HELP WITH PARENTING YOUR TEEN
Let me ask you a few questions:
- Is your family trapped in a Teenage vortex?
- Are you fed up with doors slamming, eye – rolling, breaking rules?
- Wondering what to do about it?
Was your answer ‘ yes ‘ to any or all of them?
Well, dear parents of teenagers, I have the answer to your problems.
Parenting your Teen Through Chaos and Crisis
A new book, Parenting your Teen Through Chaos and Crisis by Patty Scott will revolutionize the way you parent your teen.
This post is an honest review of the book. It is a short book: it consists of 8 chapters and is only 130 pages long.
She has achieved that and much more. Having gained a Masters in Marriage and Family Counselling, Patty is keen to offer support to parents who are facing challenges with their teenagers.
Patty set out in this book to give parents ‘ tangible support ’ while in the throes of one teen conflict after another.
Here’s an excerpt which shows her intention with this book:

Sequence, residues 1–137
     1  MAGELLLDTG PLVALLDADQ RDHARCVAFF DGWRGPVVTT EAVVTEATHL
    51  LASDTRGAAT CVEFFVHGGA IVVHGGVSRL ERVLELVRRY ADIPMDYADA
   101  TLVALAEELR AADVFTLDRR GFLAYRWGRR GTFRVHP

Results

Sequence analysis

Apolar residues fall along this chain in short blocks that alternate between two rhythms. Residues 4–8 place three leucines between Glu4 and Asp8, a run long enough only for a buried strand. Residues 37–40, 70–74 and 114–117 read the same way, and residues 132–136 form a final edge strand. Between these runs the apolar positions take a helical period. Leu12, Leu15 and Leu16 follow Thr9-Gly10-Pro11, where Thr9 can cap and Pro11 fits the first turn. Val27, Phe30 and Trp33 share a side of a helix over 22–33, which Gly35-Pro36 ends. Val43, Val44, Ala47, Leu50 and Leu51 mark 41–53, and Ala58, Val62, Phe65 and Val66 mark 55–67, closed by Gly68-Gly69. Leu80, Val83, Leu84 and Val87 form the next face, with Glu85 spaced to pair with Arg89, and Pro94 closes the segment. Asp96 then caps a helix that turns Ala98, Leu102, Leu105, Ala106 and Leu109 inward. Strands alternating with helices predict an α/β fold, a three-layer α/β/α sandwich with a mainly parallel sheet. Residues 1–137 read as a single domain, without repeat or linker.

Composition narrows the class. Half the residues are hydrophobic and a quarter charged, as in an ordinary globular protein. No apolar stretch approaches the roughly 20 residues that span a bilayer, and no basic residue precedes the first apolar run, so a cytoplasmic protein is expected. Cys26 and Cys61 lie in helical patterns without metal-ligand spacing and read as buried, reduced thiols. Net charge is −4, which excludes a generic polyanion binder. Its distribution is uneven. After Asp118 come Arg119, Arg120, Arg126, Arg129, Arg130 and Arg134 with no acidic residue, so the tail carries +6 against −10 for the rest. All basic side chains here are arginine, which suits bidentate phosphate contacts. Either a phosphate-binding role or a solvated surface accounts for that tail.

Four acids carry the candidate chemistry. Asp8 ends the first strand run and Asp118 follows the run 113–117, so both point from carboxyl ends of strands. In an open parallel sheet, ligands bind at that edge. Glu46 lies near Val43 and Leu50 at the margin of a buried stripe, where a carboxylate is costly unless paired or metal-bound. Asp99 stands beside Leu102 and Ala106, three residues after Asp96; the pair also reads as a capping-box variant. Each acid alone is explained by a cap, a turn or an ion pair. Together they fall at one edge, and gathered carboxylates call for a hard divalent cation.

As a family, we’ve lived through our share of adolescent ups and downs. I know what it’s like to need a listening ear and more than an ounce of wisdom to get through the hard days. This book contains the seven most useful insights I’ve gained along with practical tools for navigating some of the hardest years of your parenting.
WHO SHOULD BUY PARENTING YOUR TEEN THROUGH CHAOS AND CRISIS?
This book is for you if you need a quick read to get tips on parenting your teen better but all parents can benefit from it.
WHAT ARE THE 7 MOST USEFUL INSIGHTS INTO PARENTING TEENS
- • Quit the guilt for your teen’s wayward behavior.